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In ongoing brinkmanship over how to expand Medicaid coverage for Utah's poor, the House on Friday passed its "Utah Cares" alternative.

It also again rejected Gov. Gary Herbert's "Healthy Utah" proposal — which Democrats introduced as a substitute to force a vote to identify the friends and foes of the Senate-passed plan.

House leaders' Utah Cares alternative, HB446, passed 56-18. All those who voted for it were Republicans, while all of the House's 12 Democrats and six Republicans opposed it.

The amendment to replace Utah Cares with Healthy Utah earlier died 22-52. All Democrats supported Healthy Utah in that vote, joined by 10 Republicans.

Senate President Wayne Niederhauser said senators will give the House plan a hearing next week — the final one of the legislative session — even though the House initially declined to do so for the Senate's Healthy Utah bill.

Sen. Brian Shiozawa, R-Cottonwood Heights, sponsor of the governor's plan, said senators will still push Healthy Utah heavily going into the final week of the session.

But he left the door open for a compromise — such as adopting the governor's plan for the next two years to take advantage of big federal subsidies, and then switching to the scaled-back House plan. Negotiations over such a melding are ongoing, he said, although he acknowledged it's possible the Senate might approve the House plan to prevent doing nothing.

The House debate on Friday, and also late Thursday, was sometimes raucous.

Thursday night, Democrats forced — but lost — a vote on bringing Healthy Utah to the floor for debate, even though a House committee had killed it a day earlier.

Tempers flared over the move, which also forced a vote to help identify opponents and supporters of Healthy Utah. GOP leaders hinted they will change rules to prevent such moves in the future.

On Friday, Rep. Rebecca Chavez-Houck, D-Salt Lake City, made a motion to erase the Utah Cares bill and replace it with Healthy Utah. House Speaker Greg Hughes, R-Draper, initially ruled the effort out of order over a technicality, but then reversed himself after discussion with parliamentarians.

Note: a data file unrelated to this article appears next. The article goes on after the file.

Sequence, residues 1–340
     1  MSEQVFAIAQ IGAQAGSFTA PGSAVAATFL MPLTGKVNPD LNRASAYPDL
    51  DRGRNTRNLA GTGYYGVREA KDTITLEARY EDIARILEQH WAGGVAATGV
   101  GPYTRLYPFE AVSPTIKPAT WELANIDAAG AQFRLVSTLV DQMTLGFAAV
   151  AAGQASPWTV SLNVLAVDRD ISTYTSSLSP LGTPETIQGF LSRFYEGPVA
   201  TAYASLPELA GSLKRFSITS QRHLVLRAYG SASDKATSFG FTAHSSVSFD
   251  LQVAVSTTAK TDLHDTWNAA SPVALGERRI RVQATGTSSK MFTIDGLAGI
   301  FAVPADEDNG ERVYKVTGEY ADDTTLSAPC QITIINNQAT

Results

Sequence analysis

"Please stop wasting our time," said Rep. Jacob Anderegg, R-Lehi, noting Healthy Utah had been defeated in committee and on the floor Thursday night. "It is unfortunate that this small minority in our body is more interested in headlines and gamesmanship than respecting the job they have been elected to do."

Healthy Utah supporters complained Anderegg's remark was a personal attack and thus, out of order. Hughes didn't rule on that dispute, saying he was talking on his phone and didn't hear the comment, but asked members to keep comments germane.

The previous night, Hughes had ruled Rep. Patrice Arent, D-Millcreek, out of order for comments criticizing Utah Cares supporters.

Chavez-Houck called the governor's Heathy Utah plan "a true compromise" worked out in depth by groups over a year, while the House alternative has had relatively little scrutiny.

House Majority Leader Jim Dunnigan, author of the Utah Cares bill, said it is sustainable over the long term, and does not depend on enhanced federal subsidies to work. He said the governor's plan does.

Utah Cares would cover everyone now living in poverty who lacks Medicaid, financed by a 70-30, federal-state match that is sustainable because Utah can set funding and coverage levels as it sees fit, Dunnigan said.

A big portion of those poor people, however, would be covered under Utah's bare-bones Primary Care Network, which provides no insurance for hospitalization, specialist care and many diagnostic tests.

People who make between 100 percent and 138 percent of poverty would be covered under so-called Obamacare by paying 2 percent of their income, he said, "and they get platinum coverage … similar to if we did Healthy Utah."

Arent said because the House plan avoids an enhanced 90-10 federal match negotiated by the governor for his plan, "It leaves so many of our federal dollars in Washington, D.C., that will never come back to our state. It leaves so many people without coverage."

But Dunnigan said, "Utah cares will return to our state hundreds of millions of dollar that we are paying."

The governor said Thursday that it makes no sense for the House to pass Utah Cares when it would cost $65 million to $77 million in its first two years, while Healthy Utah would cost $25 million. "Where's that money going to come from?" Herbert asked.

Herbert said his plan already has been molded to fit conservative objections in the House. It was trimmed back to two years and the governor has the Obama administration's assurance that the state could cap its costs and grandfather in those still on the plan when it ends in two years.

Utah Cares and Healthy Utah have roughly the same long-range price tag — about $236 million for six years, the governor said. But Healthy Utah would bring back a net of $2.2 billion in federal funds in those years, helping Utah's economy while providing better care for more low-income Utahns, Herbert said.

Niederhauser said on Friday, "Healthy Utah is only $25 million in the first two years. Why wouldn't you take advantage of that?"

Sen. Jim Dabakis, D-Salt Lake City, said, "Utah Cares is really 'Pathetic Utah.' This is a sham. It costs the state of Utah a lot more money per person and it covers a fraction of the people. Why would we do this?"